But it was the currency of the British slave trade. The ships sailed from Liverpool to West Africa, where copper and brassware were exchanged for slaves who were then carried across the Atlantic to the Americas. There the human cargo was off-loaded, and rum and sugar from slave plantations were carried back to Britain. This triangular trade route from Britain to Africa to the Americas and back was fueled by copper from Liverpool. It was what African slaveholders wanted. Copper also kept the ships afloat.
Sailing around the North Atlantic, wooden ships worked out well. But as slave ships entered the Caribbean, they encountered a tiny mollusk, called Teredo navalis, which feeds on wood. Or, more accurately, these mollusks have a special organ that carries a bacterium that digests cellulose, dissolving the hulls of ships. A few too many mollusks and your ship is on the ocean bottom. The answer was to sheathe the hulls in copper. Copper kept the mollusks out, the hulls intact, and the slave ships sailing. Many Britons called for an end to the slave trade. But copper merchants protested vigorously.
They were not getting rich selling pots and pans in Lancashire. The slave trade was the market they wanted to protect. Finally, in , public sentiment turned, and it became illegal for British subjects to traffic in slaves. In , slavery was abolished in all British colonies. Metals always seem to come in the form of double-edged swords. Lead gave us pipes for plumbing, but it has also poisoned countless children. Mercury gave us thermometers and electrical switches, but it also caused birth defects.
Metals build bridges and locomotives, and also bullets, prison cells, and hand grenades. Metals are a double-edged sword within the human brain, too. If you were to analyze a typical plaque—one of the small deposits that are found among the brain cells—you would discover that much of it consists of beta-amyloid protein. But there is something else there, too. Teasing the plaques apart, researchers have found traces of copper. They have found other metals, too, particularly iron and zinc, and perhaps others, as well. All three of these metals are needed by the body—copper for building enzymes, iron for blood cells, and zinc for nerve transmission, among many other functions.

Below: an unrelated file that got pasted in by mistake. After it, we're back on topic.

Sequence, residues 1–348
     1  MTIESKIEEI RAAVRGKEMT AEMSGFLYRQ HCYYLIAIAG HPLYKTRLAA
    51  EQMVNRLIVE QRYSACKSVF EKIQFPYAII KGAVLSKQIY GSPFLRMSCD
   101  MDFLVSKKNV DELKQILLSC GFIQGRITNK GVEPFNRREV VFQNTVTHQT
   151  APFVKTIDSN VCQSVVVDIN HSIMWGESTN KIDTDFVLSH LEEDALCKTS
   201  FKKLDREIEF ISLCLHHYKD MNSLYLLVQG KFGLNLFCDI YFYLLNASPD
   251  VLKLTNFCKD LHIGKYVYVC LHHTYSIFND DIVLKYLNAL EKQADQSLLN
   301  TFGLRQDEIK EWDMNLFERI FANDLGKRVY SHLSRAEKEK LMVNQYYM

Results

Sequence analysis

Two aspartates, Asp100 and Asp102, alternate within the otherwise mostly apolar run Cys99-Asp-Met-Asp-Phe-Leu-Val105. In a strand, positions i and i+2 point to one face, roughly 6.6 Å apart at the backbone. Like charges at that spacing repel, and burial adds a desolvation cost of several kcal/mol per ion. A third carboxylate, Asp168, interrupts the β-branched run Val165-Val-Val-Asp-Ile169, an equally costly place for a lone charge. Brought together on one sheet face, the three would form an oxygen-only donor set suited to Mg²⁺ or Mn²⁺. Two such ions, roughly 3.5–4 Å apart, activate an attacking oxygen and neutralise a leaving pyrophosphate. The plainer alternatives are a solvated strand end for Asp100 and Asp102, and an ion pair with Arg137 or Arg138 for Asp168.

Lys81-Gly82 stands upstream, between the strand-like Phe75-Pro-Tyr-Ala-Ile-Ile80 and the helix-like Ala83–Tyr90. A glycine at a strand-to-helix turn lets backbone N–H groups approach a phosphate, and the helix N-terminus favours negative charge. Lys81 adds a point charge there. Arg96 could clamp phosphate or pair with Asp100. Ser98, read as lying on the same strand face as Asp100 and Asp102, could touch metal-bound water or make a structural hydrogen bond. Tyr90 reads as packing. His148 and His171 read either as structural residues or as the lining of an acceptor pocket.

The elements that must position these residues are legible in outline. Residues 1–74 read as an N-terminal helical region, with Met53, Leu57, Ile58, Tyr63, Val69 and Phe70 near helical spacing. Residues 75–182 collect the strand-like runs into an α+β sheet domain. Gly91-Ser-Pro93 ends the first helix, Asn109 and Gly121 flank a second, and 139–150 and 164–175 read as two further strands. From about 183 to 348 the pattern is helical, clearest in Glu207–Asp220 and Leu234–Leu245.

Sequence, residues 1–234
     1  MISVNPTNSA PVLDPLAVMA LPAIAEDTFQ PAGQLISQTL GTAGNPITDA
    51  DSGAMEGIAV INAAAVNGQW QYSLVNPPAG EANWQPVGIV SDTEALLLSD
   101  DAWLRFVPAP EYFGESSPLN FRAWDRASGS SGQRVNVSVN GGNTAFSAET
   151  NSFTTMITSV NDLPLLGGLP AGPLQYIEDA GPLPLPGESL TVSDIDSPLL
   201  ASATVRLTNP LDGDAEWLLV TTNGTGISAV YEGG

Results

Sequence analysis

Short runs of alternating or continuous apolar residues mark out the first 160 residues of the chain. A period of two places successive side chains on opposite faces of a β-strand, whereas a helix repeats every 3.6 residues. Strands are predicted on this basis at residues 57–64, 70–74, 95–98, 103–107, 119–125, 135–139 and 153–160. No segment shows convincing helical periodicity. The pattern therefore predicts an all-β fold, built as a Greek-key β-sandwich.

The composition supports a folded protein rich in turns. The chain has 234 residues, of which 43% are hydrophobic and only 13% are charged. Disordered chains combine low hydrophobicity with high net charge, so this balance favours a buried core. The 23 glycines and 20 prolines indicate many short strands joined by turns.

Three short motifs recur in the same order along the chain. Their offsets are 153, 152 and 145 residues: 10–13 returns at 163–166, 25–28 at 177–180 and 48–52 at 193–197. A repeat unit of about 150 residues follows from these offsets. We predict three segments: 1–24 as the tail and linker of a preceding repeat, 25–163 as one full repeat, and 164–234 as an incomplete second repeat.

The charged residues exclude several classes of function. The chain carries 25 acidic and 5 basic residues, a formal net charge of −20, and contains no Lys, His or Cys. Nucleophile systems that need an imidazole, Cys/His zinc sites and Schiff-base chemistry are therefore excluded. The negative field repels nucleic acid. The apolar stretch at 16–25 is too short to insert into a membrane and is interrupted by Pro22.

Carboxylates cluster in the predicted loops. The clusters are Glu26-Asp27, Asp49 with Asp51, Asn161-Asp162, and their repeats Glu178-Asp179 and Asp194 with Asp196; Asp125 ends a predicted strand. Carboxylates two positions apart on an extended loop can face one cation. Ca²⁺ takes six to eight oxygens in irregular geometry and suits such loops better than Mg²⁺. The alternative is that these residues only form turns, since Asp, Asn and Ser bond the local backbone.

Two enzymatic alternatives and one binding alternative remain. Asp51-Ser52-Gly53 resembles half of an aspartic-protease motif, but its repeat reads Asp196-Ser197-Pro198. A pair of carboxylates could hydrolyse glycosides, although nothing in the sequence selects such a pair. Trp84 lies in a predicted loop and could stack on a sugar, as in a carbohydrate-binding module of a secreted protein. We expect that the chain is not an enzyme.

You get them in the foods you eat. But it turns out that if you get too much of any of them, they can damage your brain cells. The difference between a safe amount and a toxic amount is surprisingly small.
Power Foods for the Brain, Diet Plan Book by Dr. Neal Barnard (Grand Central Life & Style)
And that is exactly the problem. Iron and copper are unstable. Just pour a little water into a cast-iron pan and let it sit for a bit. The rust you see is oxidation. Copper oxidizes, too, which is why a bright shiny penny soon darkens, sometimes combining with other elements and turning green. Pretty colors, yes. What is not so pretty is when these chemical reactions happen inside your body.
In a nutshell, iron and copper cause free radicals to form, and those free radicals are like torpedoes attacking your cells. So, am I saying that memory problems might be caused by ordinary metals like copper, iron, and zinc? To help answer that question, let me take you to Rome, where a research team studied sixty-four women. All were over age fifty but perfectly healthy. The researchers drew blood samples to measure copper in their blood and then gave them a variety of tests to check their memory, reasoning, language comprehension, and ability to concentrate.
Now, overall the women did just fine. None had any major impairment. But some did noticeably better than others on one test or another. And those who had the least mental difficulties turned out to be those with lower levels of copper in their blood. The difference was especially noticeable on tests that required focused attention. A study of sixty-four women is not especially large. They found much the same thing.
People who had lower copper levels in their blood were mentally clearer compared with those with excessive copper. They had fewer problems with short-term and long-term memory. And the same held true for iron. People with less iron in their blood had fewer memory problems. So even though both iron and copper are essential in tiny amounts, having too much of either one in your bloodstream seems to spell trouble.
If this sounds surprising, it did not entirely surprise the researchers. Every medical student knows that copper is potentially toxic. Your body uses tiny amounts of it in enzymes for various functions, but the amount you need is extremely small. If you get too much of this unstable metal, it can oxidize and encourage free radicals to form. In fact, the only thing that stops copper from destroying your health early in life is that your liver filters much of it out of your blood and eliminates it.
As copper builds up in the body tissues, it damages the central nervous system and causes all manner of other problems. Similarly, excess iron has long been known to cause potentially serious health problems. More on iron in a minute. I should tell you that copper may contribute to much more serious problems than the minor variations in memory and cognition seen in the Rome and San Diego studies. Starting in , a research team from Rush University Medical Center went door-to-door in three Chicago neighborhoods, aiming to track down the causes of health problems that occur as we age.